Thursday, September 25, 2008
Monday, September 22, 2008
Well, I decided to take my own advice: I went with my boyfriend to a dirt track race.
Thursday, September 18, 2008
The rudeness of gift recipients can be astonishing, sometimes. We both know someone who gets angry at the flowers her boyfriend brings her... because she doesn't like the ones he picks. He brings her flowers every other week, Just Because, and she raises her voice and complains that he doesn't listen to what she keeps telling him; that she can't stand daisies! Now, there are two issues at play here; 1) he doesn't listen, and 2) she's being rude.
You cannot fix the Giver. It's just not going to happen unless they are remarkably self-aware people who recognize their faults and work to change them. The only thing you can change is your own attitude. We're not saying to have a knee-jerk polite response to everything; there is a time and a place for gentle remonstrance. But that is remarkably rare - the majority of people have the best intention in the world when they give a gift, and you do not get to blame them if they make poor choices.
Susan has a friend who is a perfectly friendly, outgoing, and charming young woman... but who receives gifts as though they are a chore and she could care less about what she has just opened. She displays no enthusiasm and does not even say "Thanks." On the other hand, she has another friend who is prickly, easily riled up, and who openly hates getting presents because she doesn't feel like she did anything to deserve it... but is grateful and enthusiastic after she's opened them!
It is Courtesy, plain and simple, that we're advocating here. If someone has given you a gift, thank them cheerfully, and if possible, enthusiastically. If you know the minute that you open the gift that you will be taking it back for store credit the very next day, that's fine... but bear in mind that you must still be polite to the giver, and show appreciation for effort if humanly possible.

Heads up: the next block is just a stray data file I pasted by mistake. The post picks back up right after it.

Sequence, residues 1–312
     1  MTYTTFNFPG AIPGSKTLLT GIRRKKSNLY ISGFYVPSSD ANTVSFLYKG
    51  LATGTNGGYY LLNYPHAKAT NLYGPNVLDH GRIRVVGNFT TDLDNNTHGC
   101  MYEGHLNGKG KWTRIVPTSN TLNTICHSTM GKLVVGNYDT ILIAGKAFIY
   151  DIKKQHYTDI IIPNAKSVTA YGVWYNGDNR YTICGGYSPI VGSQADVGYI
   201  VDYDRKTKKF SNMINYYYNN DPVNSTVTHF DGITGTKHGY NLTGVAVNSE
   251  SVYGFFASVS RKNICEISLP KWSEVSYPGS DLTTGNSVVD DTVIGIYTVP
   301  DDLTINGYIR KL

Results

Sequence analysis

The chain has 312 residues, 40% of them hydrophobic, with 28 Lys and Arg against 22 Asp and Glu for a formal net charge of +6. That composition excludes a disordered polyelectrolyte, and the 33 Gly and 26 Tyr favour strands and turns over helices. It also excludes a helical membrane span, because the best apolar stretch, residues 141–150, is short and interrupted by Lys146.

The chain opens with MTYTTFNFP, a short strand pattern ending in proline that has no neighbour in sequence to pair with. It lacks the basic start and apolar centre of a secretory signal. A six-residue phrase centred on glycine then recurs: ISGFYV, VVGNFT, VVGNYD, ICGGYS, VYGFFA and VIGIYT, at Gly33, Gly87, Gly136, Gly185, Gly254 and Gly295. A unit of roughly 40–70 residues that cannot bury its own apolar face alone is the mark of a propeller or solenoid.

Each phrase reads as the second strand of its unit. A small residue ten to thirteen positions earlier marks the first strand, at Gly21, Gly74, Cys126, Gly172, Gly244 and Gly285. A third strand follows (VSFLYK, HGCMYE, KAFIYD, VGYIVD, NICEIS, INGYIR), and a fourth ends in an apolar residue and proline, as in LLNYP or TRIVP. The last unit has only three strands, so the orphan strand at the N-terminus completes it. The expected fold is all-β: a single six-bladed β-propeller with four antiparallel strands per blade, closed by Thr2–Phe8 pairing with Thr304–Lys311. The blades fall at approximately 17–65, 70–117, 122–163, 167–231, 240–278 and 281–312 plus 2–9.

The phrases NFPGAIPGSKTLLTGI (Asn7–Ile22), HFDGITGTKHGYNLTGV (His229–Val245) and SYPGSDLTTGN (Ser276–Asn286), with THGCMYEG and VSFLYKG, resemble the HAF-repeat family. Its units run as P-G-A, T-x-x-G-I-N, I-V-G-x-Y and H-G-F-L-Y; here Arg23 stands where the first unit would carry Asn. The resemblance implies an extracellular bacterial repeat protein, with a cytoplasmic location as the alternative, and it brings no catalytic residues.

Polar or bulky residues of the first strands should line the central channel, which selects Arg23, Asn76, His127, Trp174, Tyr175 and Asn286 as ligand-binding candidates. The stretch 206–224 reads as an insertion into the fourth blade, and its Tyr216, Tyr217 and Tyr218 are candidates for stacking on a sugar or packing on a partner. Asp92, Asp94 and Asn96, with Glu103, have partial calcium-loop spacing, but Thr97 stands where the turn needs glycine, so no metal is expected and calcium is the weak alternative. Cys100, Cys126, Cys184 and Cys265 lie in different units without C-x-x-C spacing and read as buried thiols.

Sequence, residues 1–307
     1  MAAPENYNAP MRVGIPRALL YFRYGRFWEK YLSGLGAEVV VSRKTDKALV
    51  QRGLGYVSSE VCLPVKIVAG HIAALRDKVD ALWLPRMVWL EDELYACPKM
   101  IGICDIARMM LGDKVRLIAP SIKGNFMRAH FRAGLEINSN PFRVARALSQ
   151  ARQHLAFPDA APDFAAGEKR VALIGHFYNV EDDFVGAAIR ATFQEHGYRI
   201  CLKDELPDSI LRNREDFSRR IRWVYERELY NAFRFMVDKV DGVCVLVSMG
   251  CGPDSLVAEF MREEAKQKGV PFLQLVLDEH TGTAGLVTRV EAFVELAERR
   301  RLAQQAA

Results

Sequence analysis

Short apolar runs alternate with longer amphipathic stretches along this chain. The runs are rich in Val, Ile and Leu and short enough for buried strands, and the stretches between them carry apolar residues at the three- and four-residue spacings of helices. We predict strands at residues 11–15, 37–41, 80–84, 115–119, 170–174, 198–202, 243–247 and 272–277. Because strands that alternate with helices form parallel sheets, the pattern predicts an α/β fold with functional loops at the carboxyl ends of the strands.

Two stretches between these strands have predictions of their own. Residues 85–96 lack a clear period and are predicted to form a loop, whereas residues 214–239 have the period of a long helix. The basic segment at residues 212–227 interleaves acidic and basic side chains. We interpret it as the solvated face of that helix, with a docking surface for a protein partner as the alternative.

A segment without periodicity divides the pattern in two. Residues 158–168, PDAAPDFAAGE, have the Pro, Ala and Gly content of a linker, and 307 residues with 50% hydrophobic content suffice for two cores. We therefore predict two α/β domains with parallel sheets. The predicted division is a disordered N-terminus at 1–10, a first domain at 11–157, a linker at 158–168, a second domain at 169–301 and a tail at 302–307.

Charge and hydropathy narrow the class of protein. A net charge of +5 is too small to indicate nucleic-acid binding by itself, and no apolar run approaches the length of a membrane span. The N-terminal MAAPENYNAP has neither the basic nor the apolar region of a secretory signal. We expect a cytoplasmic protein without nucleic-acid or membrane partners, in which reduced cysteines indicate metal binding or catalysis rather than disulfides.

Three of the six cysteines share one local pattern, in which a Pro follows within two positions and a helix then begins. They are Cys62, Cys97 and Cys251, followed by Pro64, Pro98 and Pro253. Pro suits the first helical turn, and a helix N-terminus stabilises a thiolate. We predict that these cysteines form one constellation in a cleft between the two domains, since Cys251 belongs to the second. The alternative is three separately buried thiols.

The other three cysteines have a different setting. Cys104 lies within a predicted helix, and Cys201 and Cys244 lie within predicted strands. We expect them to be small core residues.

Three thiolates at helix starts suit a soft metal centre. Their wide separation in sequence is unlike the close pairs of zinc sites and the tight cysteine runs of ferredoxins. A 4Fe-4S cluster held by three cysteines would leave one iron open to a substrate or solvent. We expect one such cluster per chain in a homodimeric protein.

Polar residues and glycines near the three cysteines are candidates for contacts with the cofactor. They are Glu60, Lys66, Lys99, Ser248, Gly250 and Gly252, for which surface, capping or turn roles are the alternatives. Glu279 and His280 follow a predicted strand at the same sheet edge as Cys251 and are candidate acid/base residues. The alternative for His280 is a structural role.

Monday, September 15, 2008
So thanks to the writers of Seinfeld, regifting is now an accepted part of modern society. Whether anyone admits it or not, we almost all do it. And regifted items can be perfect gifts, and not at all inconsiderate when done carefully... but there are some guidelines to follow.
First I want to justify WHY regifting is a good idea:
- It gets rid of STUFF. If you have a cabinet or closet full of items that have no useful place in your home, they can be made useful by giving them to someone who can use them. We live in a society that has more unnecessary junk than any time in history; regifting is recycling in its highest form.
- It saves money. If you need to buy a $10-20 gift for someone, don't have a good idea of what to give them, and there's a lovely tchotchke in your closet that you know they would like, where's the virtue in going and spending money on a (presumably) FRESH tchotchke to give them?
- For close friends and family who get upset when you spend money on a present for them, regifting becomes a sort of fun cadeau challenge - finding something truly appropriate for someone, yet letting them know it was inexpensive or a freebie so they won't get upset that you spent money. Regifting works exceptionally well in this context.